It is the claimant’s responsibility to establish entitlement to benefits under EEOICPA. The regulations at § 30.111(a) provide that the claimant bears the burden of proving by a preponderance of the evidence the existence of each and every criterion under any compensable claim category set forth in § 30.110. Proof by a preponderance of the evidence means that it is more likely than not that the proposition to be proved is true. Subject to the exceptions expressly provided in EDEOICPA and the regulations, the claimant also bears the burden of providing all written medical documentation, contemporaneous records, or other records and documents necessary to establish any and all criteria for benefits set forth in the regulations. See 20 C.F.R. § 30.111(a). If [Claimant] obtains evidence in the future that she believes satisfies this criteria, she should submit this to the district office for consideration with a request for reopening of the claim.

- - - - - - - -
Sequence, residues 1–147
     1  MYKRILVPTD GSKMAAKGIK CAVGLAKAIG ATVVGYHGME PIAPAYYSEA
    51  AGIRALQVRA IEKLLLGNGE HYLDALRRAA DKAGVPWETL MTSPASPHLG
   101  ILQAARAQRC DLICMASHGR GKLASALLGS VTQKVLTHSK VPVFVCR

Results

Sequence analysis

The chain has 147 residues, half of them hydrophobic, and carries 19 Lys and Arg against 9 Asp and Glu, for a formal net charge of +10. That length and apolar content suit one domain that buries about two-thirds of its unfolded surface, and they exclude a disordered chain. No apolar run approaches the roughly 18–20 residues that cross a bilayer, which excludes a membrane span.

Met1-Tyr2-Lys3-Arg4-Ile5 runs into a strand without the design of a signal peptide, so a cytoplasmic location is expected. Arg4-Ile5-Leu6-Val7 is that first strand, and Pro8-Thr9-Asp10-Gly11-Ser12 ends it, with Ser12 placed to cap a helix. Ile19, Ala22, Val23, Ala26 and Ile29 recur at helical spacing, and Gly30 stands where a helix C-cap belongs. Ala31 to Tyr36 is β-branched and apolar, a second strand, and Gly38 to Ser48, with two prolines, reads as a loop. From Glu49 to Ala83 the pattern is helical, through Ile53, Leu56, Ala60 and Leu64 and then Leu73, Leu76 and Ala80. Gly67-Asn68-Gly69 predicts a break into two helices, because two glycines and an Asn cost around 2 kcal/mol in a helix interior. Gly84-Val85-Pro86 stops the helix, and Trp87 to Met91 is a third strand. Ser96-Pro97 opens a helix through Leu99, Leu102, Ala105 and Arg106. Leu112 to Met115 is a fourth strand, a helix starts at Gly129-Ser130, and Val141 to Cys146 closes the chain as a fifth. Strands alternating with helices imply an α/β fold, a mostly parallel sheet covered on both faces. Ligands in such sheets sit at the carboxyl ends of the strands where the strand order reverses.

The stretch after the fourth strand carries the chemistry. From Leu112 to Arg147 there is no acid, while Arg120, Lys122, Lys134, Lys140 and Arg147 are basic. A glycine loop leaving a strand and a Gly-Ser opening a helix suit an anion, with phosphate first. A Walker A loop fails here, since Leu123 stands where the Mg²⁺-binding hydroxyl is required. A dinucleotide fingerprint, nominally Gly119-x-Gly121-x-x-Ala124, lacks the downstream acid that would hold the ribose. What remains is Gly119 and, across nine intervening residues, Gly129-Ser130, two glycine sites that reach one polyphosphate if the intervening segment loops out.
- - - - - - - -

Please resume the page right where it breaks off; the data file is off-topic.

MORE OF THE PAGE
FAB is bound by the criteria and provisions of EEOICPA and has no authority to depart from it or EEOICPA’s implementing regulations. Therefore, [Claimant]’s claim must be denied for lack of evidence that [Employee] was a covered employee as defined by the statute.
Final Adjudication Branch
 70 Fed. Reg. 71815 (November 30, 2005).